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J Clin Virol. 2017 Sep;94:57-62. doi: 10.1016/j.jcv.2017.07.010. Epub 2017 Jul 20.

High incidence of maternal parvovirus B19 infection in a large unselected population-based pregnancy cohort in Norway.

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Division for Infection Control and Environmental Health, Norwegian Institute of Public Health, Oslo, Norway. Electronic address:
Department of Medical Microbiology, Oslo University hospital, Norway.
Division for Infection Control and Environmental Health, Norwegian Institute of Public Health, Oslo, Norway.
Division for Health Data and Digitalization, Norwegian Institute of Public Health, Oslo, Norway.



Around 40% of pregnant women in Norway are parvovirus B19 (B19V) seronegative and thus at risk for B19 V infection. Studies on samples from women with symptomatic disease or known exposure have shown that nucleic acid amplification assays combined with serology increase the sensitivity and improves the diagnostic procedure.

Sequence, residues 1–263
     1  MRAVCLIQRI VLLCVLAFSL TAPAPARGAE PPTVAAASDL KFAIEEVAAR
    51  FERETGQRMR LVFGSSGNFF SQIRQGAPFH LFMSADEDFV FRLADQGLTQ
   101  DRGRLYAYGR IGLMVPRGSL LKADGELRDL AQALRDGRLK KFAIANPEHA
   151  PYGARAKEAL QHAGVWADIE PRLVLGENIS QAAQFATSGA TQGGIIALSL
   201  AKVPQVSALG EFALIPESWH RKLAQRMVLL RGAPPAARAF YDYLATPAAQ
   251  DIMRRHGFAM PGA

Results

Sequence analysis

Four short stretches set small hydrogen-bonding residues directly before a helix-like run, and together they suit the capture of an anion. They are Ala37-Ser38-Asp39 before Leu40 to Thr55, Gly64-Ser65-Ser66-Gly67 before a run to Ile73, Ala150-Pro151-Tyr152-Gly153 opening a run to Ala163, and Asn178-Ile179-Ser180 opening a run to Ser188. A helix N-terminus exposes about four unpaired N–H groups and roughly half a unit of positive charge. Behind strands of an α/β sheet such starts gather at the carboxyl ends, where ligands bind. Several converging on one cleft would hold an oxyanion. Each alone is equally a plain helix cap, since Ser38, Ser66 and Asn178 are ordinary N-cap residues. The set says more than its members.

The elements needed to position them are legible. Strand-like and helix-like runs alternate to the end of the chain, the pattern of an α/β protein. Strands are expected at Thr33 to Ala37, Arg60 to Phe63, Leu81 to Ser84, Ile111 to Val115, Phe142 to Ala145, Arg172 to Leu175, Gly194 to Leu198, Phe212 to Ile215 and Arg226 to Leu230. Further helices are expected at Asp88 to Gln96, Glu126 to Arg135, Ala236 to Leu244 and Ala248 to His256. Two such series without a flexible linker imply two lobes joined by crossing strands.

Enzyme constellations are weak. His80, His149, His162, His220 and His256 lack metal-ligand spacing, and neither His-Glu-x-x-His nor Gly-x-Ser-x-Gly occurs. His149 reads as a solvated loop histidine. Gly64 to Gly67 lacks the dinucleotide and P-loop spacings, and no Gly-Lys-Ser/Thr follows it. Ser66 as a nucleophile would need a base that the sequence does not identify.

The aim was to investigate the seroprevalence of B19V infection, the occurrence of new infections and vertical transmission in a population-based pregnancy cohort, with special emphasis on the diagnostic methods.


We randomly selected 1350 pregnant women from the Norwegian Mother and Child Cohort Study (MoBa), using an algorithm for the detection of B19V infection, including both serology and PCR.


Maternal infection was confirmed in 50 subjects (3.7% of 1349 women), of which 35(70%) were viremic. Of the initially seronegative 33(6.8%) seroconverted. The estimated average annual seroconversion rate was 15.5%, with the highest estimated annual seroconversion rate of 31.6%. The rates of yearly seroconversion followed the pattern found in reports from Norwegian microbiology laboratories. Among all women, 31 (2.3%) had an inconclusive serological profile and 17 (54.8%) had detectable virus. Of the 16 women with virus detectable at gestational week 17-18, seven were still seronegative with absent seroconversion in the second sample taken at birth. All together 10 children were vertically infected.


High incidence of viremic B19V infections and high estimated annual seroconversion rates were found. Lack of seroconversion despite longstanding viremia emphasizes the importance of including PCR when testing for B19V infection during pregnancy.


Based pregnancy cohort; Parvovirus B19; Population; Pregnancy; Seroconversion; Seroprevalence; The norwegian mother and child cohort study (MoBa)

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